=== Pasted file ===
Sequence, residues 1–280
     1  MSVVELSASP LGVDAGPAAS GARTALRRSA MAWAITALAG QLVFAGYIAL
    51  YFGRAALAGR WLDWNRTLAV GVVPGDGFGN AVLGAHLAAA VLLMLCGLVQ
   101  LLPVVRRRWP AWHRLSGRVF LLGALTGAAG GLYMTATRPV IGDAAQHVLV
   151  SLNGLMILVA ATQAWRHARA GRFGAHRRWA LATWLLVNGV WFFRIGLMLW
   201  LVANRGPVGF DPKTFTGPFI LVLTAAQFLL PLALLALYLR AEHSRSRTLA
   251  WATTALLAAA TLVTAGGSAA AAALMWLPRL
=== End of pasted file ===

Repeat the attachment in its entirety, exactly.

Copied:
Sequence, residues 1–280
     1  MSVVELSASP LGVDAGPAAS GARTALRRSA MAWAITALAG QLVFAGYIAL
    51  YFGRAALAGR WLDWNRTLAV GVVPGDGFGN AVLGAHLAAA VLLMLCGLVQ
   101  LLPVVRRRWP AWHRLSGRVF LLGALTGAAG GLYMTATRPV IGDAAQHVLV
   151  SLNGLMILVA ATQAWRHARA GRFGAHRRWA LATWLLVNGV WFFRIGLMLW
   201  LVANRGPVGF DPKTFTGPFI LVLTAAQFLL PLALLALYLR AEHSRSRTLA
   251  WATTALLAAA TLVTAGGSAA AAALMWLPRL